June 1, 2022
It's being called "the Lehman Brothers incident of the cryptocurrency industry".
The fourth largest cryptocurrency by market cap, UST, recently de-pegged from $1. This led to a complete collapse of its ecosystem (Terra-Luna), wiping out roughly $45 billion in market capitalization and leaving investors with massive losses.
Why did this all happen? How does it change the crypto ecosystem? And what implications does it have for other digital assets like bitcoin and Ethereum?
In 2018, Do Kwon co-founded Terraform Labs, which aimed to build a blockchain centered around an algorithmic stablecoin, called TerraUSD to power decentralized finance (DeFi) applications.
Stablecoins are intended to maintain value and avoid volatility. Most stablecoins on the market are custodial – they are collateralized by fiat or high-quality debt instrument reserves.
Algorithmic stablecoins differ. Their value is stabilized by a paired asset that absorbs volatility, via an algorithm that maintains price equilibrium.
UST was tied to Terra's governance token LUNA. UST and LUNA co-existed through a burn/mint function designed to keep the value of UST pegged to $1.
The weekend of May 7 saw major outflows of UST from Anchor, a DeFi lending protocol that offered a 20% annual yield on UST deposits. Combined with short positions on Bitcoin and LUNA and general crypto market bearish sentiment, UST began to de-peg, hitting $0.98.
A negative feedback loop ensued, causing more investors to withdraw their UST from Anchor in a bank-run scenario. TerraLabs added liquidity to the UST pool to defend the peg but was unsuccessful.
The inability to restore the $1 UST peg caused further panic. Downward pressure continued which caused UST to de-peg further and significantly reducing the price of LUNA. Weakness in the broader crypto and equity markets further accelerated the decline.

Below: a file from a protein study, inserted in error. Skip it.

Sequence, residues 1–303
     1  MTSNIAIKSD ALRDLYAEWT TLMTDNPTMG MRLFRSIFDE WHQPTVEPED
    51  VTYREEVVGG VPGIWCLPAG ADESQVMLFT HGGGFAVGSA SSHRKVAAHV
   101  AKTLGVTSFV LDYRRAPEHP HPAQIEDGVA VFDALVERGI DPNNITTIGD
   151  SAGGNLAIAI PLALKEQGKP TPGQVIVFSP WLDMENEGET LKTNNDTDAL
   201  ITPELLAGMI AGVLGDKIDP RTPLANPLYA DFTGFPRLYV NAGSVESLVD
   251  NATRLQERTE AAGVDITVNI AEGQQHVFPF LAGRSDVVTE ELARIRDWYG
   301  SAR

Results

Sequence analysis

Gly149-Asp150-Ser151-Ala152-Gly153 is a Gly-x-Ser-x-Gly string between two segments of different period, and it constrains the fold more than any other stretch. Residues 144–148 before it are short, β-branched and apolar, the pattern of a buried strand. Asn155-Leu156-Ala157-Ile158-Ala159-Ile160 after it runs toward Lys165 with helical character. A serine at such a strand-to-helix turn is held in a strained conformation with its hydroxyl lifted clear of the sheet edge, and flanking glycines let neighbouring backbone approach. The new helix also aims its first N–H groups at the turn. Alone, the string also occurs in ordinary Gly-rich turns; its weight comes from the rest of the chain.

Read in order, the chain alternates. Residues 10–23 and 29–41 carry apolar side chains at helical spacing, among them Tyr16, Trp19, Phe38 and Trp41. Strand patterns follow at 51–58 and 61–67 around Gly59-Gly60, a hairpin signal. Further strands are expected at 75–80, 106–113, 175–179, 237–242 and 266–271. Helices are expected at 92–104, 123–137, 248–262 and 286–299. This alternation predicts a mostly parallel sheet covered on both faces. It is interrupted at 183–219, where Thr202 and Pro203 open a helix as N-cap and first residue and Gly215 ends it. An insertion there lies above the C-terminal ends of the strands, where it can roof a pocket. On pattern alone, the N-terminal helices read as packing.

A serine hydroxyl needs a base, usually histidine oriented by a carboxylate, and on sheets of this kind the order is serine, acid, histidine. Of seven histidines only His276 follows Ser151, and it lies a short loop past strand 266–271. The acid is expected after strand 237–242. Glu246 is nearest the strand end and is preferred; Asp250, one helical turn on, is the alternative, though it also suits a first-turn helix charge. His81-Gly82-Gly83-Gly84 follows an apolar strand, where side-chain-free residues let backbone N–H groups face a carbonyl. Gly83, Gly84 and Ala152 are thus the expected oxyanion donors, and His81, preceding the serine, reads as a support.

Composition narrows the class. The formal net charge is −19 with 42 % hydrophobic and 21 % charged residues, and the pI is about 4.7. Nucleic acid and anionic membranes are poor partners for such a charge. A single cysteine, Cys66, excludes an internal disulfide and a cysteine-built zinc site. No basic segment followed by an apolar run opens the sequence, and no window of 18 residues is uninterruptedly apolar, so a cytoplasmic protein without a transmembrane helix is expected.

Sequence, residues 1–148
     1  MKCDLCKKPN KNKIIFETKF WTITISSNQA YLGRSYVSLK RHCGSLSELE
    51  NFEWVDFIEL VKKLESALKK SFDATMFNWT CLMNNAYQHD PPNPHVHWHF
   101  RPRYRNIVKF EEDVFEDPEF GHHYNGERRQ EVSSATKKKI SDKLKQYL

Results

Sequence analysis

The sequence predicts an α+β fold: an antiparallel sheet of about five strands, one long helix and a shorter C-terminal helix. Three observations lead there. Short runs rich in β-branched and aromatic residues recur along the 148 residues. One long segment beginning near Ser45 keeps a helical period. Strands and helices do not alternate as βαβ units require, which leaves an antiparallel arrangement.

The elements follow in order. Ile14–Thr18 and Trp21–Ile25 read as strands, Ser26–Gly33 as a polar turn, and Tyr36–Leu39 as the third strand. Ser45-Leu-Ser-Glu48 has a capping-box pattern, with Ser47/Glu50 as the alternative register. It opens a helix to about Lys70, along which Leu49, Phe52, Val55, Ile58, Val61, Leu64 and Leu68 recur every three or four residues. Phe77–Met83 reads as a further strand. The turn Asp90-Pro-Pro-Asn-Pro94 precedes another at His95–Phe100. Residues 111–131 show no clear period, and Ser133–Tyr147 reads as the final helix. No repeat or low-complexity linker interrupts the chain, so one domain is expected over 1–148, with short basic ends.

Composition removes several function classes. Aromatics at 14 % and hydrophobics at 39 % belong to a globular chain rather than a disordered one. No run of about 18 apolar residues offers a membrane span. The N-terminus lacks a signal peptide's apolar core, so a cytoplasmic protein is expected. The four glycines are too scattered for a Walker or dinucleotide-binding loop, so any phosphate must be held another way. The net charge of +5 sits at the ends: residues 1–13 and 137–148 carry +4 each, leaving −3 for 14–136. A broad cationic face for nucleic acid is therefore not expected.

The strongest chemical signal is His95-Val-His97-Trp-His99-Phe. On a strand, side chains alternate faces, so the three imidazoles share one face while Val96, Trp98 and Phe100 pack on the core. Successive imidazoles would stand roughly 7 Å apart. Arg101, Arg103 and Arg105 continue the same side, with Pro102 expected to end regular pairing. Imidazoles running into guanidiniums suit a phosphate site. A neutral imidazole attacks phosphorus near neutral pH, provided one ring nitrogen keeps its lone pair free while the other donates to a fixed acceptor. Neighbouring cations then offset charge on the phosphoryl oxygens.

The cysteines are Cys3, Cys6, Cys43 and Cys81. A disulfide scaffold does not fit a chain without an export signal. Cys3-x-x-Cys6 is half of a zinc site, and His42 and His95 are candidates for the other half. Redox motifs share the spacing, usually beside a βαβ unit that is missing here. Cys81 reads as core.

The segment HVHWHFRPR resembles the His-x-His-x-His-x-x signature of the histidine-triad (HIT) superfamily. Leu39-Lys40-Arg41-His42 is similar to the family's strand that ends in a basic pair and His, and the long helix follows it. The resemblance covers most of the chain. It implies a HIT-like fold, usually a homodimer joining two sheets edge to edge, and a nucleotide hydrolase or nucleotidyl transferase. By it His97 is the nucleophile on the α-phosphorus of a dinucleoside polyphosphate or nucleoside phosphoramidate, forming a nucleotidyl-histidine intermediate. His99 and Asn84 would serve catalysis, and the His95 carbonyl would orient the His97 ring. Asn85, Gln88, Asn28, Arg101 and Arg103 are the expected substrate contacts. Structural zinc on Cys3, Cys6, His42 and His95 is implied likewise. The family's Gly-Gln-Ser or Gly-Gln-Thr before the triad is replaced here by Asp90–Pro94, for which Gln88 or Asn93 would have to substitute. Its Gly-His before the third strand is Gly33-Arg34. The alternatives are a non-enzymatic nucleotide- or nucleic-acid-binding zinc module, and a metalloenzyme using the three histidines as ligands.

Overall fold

Eventually, UST hit $0.19 while LUNA lost over 99% of its value. Billions of UST/LUNA were burned and minted as the algorithm tried to restore the peg, which ultimately failed. When the dust settled, over $45 billion of market capitalization had been wiped out.
Calls for increased scrutiny of stablecoins soon emerged, with U.S. Treasury Secretary Janet Yellen pushing for regulation at the Senate Banking Committee, stating: "Digital assets may present risks to the financial system, and increased and coordinated regulatory attention is necessary.”
Yellen said that it would be "highly appropriate” for stablecoin regulation to table by the end of 2022 due to the “many risks associated with cryptocurrencies" and highlighted the need for a "consistent federal framework."
Other cryptocurrencies fell intra-day as investor sentiment turned bearish and a risk-off attitude ensued. The sell-off caused liquidations in leveraged positions, with both bitcoin and Ethereum plunging under key support levels.
Cryptocurrency brokerages like Coinbase and Binance experienced increased withdrawals, and in the case of the latter, significant losses from its own UST holdings. Other stablecoins like Tether came under fire for a perceived lack of transparency with regards to reserves.
Despite the collapse, the long-term outlook for the rest of the cryptocurrency market remain positive. The two largest cryptocurrencies by market capitalization, bitcoin and Ethereum possess significantly different mechanisms that preclude this type of collapse from occurring, despite fears of contagion.
Neither bitcoin nor Ethereum are stablecoins. Bitcoin is more akin to digital gold and a store of value, while Ethereum is a web3 platform with smart contract functionality. Their value is volatile and fluctuates based on supply and demand. Bitcoin has a fixed supply of 21,000,000 coins. Ethereum has no supply cap, but continuously takes tokens out of circulation, a process called "burning" that occurs with each transaction on its network. Both are considered decentralized and deflationary.
Investors bullish on bitcoin and Ethereum and who seek a regulated, accessible, transparent, and professionally managed way of investing in cryptocurrency can look no further than to our suite of cryptocurrency exchange-traded funds (ETFs).
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